A lawyer for Virginia Lt. Gov. Justin Fairfax is calling on prosecutors to make a determination over the sexual assault allegations made against Fairfax earlier this year -- marking the latest effort to remove the cloud of suspicion that has hobbled his political ascent.
Barry Pollack, a lawyer for Fairfax, sent letters on Wednesday to prosecutors in Durham County, North Carolina, and Suffolk County, Mass., and called for the allegations against Fairfax to be “promptly and fully investigated.”
“If an investigation were to determine that the allegation is true, it should be criminally prosecuted," Pollack said in the letters, which were obtained by ABC News affiliate WRIC. "Conversely, if an investigation were to determine that the allegation is false, which Lt. Governor Fairfax is confident would be the conclusion of any unbiased and professional investigation, the matter should be closed and the public informed."
Prosecutors have not publicly responded to the request, but lawyers for the accusers swiftly issued statements calling Fairfax's request a political stunt.
In February, two women, Vanessa Tyson and Meredith Watson, came forward to accuse Fairfax of sexual assault.
Tyson claims Fairfax assaulted her in 2004 when they were both working at the Democratic National Convention in Boston. Watson has accused Fairfax of raping her in 2000 when they were both students at Duke University.
Fairfax has vehemently denied the accusations.
The allegations were first made when Fairfax, who was elected lieutenant governor in 2017, seemed destined to succeed Virginia Gov. Ralph Northam. A fellow Democrat, Northam came under scrutiny in February when photos on his 1984 yearbook page from Eastern Virginia Medical School emerged showing two men, one in a full Ku Klux Klan robe and hood and another in blackface.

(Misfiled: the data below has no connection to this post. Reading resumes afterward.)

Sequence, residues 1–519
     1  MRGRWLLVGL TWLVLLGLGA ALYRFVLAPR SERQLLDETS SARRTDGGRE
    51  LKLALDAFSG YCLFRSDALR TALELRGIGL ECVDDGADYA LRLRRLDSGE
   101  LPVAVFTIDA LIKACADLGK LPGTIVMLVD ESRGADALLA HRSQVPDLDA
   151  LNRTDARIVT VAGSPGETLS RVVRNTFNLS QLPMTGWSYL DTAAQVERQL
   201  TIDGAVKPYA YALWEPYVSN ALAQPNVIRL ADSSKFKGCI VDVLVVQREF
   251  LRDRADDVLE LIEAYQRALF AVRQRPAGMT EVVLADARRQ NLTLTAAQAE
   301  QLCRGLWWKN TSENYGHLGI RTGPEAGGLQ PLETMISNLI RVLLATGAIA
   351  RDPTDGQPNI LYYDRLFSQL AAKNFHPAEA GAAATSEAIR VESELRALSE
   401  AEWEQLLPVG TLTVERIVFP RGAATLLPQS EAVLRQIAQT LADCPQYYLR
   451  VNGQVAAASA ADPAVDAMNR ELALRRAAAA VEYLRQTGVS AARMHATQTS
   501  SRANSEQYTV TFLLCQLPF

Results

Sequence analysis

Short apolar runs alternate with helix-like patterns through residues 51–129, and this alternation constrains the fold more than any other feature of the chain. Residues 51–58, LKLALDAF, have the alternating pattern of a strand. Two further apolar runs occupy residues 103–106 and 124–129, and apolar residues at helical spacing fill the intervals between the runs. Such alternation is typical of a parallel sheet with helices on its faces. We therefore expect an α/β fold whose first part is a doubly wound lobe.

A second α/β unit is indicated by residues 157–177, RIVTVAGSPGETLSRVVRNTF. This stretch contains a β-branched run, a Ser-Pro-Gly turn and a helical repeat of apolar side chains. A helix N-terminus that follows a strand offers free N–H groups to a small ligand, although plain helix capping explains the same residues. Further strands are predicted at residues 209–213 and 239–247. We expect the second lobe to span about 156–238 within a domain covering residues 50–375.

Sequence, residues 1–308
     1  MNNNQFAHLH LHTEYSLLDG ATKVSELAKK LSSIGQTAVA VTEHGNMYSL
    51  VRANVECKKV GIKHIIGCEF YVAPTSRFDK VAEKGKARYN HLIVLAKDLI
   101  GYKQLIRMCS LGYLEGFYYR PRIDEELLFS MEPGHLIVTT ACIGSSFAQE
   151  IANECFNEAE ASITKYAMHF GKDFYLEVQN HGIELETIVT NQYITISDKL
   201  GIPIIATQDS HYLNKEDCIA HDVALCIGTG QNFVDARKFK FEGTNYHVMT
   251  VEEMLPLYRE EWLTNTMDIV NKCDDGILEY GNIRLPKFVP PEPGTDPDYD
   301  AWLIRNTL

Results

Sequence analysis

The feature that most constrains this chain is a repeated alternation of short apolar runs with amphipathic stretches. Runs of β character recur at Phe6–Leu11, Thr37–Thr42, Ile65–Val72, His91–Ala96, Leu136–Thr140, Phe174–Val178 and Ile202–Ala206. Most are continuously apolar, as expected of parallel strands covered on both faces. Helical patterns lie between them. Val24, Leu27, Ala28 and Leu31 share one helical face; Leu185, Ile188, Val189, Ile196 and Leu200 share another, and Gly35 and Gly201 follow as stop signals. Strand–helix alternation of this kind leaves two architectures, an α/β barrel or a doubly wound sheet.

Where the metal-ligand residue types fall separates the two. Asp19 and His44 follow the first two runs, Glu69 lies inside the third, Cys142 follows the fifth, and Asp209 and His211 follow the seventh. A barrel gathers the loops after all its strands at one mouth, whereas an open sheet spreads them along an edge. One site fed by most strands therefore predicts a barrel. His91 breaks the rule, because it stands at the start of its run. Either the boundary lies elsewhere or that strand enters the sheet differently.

Northam has rejected calls for his resignation, as has Fairfax.
"Lieutenant Governor Fairfax’s letter to the Suffolk County District Attorney’s Office is another political stunt that shows his lack of respect for survivors of sexual violence," lawyers for Tyson, Debra S. Katz and Lisa J. Banks, said in a statement. "As a former prosecutor, the Lieutenant Governor certainly knows that potential targets of criminal investigations do not get to direct prosecutorial decisions."
They added, "Despite his protestations about the unfairness of litigating such serious allegations in the press, his letter’s distorted presentation of facts is intended to do just that."
Nancy Erika Smith, a lawyer for Watson, also released a statement in response to the letters.
"Of course, Fairfax wants a secret, months- or years-long criminal investigation that he will use as an excuse not to answer any questions in public," Smith said. "He says he wants due process, but a hearing is due process. He still refuses to answer questions – as both accusers have done. Instead, he has his lawyers issue letters full of false and defamatory claims"
This is not the first time Fairfax has called for an investigation into these accusations, which he has said would result in “clearing my good name.” He has called on the FBI to investigate the claims by both women.
"I am asking that no one rush to judgment and I am asking for there to be space in this moment for due process," Fairfax said in a statement in February. "Consequently, I call on all appropriate and impartial investigatory authorities, including the FBI, to investigate fully and thoroughly the allegations against me by Ms. Watson and Dr. Tyson.